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Ausgehend von der Aktualität des ‚practical turns‘ in der soziologischen Diskussion fragt der Beitrag nach der Bestimmung von Praxis als symbolischer Praxis. Dazu werden erstens anhand der Sozialtheorien von Mannheim und Searle drei übereinstimmende Grundannahmen sondiert und als Kern einer Theorie der symbolischen Praxis herausgearbeitet. Mit Aussagen aus der Theorie symbolischer Praxis Bourdieus werden zweitens in Bezug auf die drei Grundannahmen sowohl Konvergenzen aufgezeigt als auch strukturtheoretischer Ergänzungsbedarf reklamiert. Demgegenüber zeigt Davidsons Bedeutungstheorie Prämissen, die sich in sozial- und prozesstheoretischer Hinsicht deutlich von Mannheim und Searle sowie von Bourdieu abheben. Vergleichend werden die drei rekonstruierten Ansätze als divergente Abzweigungsmöglichkeiten einer Theorie symbolischer Praxis ausgewiesen. Gleichwohl wird abschließend für eine Behebung der Unverträglichkeiten der Ansätze und insbesondere für eine Integration sowohl der strukturtheoretischen Ansprüche Bourdieus als auch des prozesstheoretischen Anliegens Davidsons plädiert, indem auf Problemstellungen innerhalb einer Theorie symbolischer Praxis hingewiesen wird, für deren Klärung sie fruchtbar gemacht werden könnten.


of the Evaluation Measure 107 Conditions of Adequacy for the Evaluation Measure 108 The Notion 'Degree of Lin- guistically Significant Generalization' 110 3.4. Summary of Conclusions 113 4. The Validation of Transformational Generative Pho- nology as a Mentalistic Theory 116 4.1. General Remarks 116 4.2. The Thesis of Mentalism 117 4.3. The Validation of Mentalistic Hypotheses 121 4.3.1. Introductory Remarks 121 4.3.2. Norms for Validating Empirical Theories 122 4.3.3. Modes of Validating Mentalistic Hypotheses 124 4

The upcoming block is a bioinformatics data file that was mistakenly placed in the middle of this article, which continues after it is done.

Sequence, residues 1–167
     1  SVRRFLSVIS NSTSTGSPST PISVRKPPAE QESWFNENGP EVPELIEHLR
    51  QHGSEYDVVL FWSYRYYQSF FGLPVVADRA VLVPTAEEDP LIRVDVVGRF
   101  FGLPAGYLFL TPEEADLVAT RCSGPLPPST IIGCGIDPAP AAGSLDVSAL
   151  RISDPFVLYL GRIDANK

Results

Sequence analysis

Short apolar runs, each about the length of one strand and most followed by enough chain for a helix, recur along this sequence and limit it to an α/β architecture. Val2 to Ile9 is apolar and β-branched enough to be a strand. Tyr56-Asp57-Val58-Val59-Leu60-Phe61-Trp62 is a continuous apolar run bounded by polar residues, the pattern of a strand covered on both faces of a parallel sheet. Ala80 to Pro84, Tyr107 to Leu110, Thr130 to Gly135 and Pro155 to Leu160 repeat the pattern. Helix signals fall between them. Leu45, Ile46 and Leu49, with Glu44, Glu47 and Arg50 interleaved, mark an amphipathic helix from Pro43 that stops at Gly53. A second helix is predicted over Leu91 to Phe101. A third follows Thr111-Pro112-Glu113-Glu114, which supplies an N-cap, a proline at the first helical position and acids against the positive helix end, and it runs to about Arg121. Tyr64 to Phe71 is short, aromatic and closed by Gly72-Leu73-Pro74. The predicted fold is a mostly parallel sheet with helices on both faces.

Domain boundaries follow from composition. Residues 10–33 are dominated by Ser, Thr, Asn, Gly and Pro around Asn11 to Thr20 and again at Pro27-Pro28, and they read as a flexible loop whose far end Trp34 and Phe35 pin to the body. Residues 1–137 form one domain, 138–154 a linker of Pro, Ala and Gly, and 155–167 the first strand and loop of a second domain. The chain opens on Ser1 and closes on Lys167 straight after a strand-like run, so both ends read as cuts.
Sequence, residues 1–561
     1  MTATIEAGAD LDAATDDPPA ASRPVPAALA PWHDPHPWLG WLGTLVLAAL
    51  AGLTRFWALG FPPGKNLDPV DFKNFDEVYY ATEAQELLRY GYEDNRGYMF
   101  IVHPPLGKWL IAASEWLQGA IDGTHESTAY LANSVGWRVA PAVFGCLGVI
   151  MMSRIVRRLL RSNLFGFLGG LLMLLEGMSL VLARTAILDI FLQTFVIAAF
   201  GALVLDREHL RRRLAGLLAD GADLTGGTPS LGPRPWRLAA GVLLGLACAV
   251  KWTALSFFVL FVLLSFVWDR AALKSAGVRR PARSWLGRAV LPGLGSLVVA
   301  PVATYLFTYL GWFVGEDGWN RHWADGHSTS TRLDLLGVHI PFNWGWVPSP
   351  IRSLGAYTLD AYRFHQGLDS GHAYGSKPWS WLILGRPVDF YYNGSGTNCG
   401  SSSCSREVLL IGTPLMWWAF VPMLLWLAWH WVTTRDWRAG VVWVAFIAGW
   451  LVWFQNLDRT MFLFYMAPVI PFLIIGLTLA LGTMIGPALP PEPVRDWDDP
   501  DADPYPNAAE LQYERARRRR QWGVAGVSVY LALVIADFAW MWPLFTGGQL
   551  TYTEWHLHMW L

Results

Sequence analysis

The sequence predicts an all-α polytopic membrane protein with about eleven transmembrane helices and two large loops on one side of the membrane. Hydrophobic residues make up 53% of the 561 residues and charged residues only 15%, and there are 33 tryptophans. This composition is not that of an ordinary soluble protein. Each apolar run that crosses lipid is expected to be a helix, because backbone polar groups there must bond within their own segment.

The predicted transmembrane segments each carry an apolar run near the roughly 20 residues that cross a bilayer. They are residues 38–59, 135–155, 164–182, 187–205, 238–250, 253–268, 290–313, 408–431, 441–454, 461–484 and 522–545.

The Categorical Imperative, p. 221; and Williams, The Concept of the Categorical Imperative, pp.30 and 34. Kand and the Price of a Justification 289 principles. The difference between the two kinds of criteria has nothing to do with posi- tive or negative, but with the mode of validating a principle: a criterion of rectitude can do so simply and directly; a criterion of realm must use a method of exclusion - the focus of the argument must be on discrediting alternative principles. Now for Kant. I want to begin with a passage in which he describes how he would at

which different modes of validating-consciousness and verifying synthesis can be actualized in correspondence to their proper objects and can arrange different forms of harmonious unities of manifolds . That said, reason does not ‘emerge’ from an a-rational or pre-rational constitutive ground. Reason ‘co-exists,’ so to speak, with what is constituted in and through intentional operations in consciousness. It is a telos that performs a regulating function in the flow of consciousness. Reason is the teleological ‘rule’ (Regel) that strictly regulates the formation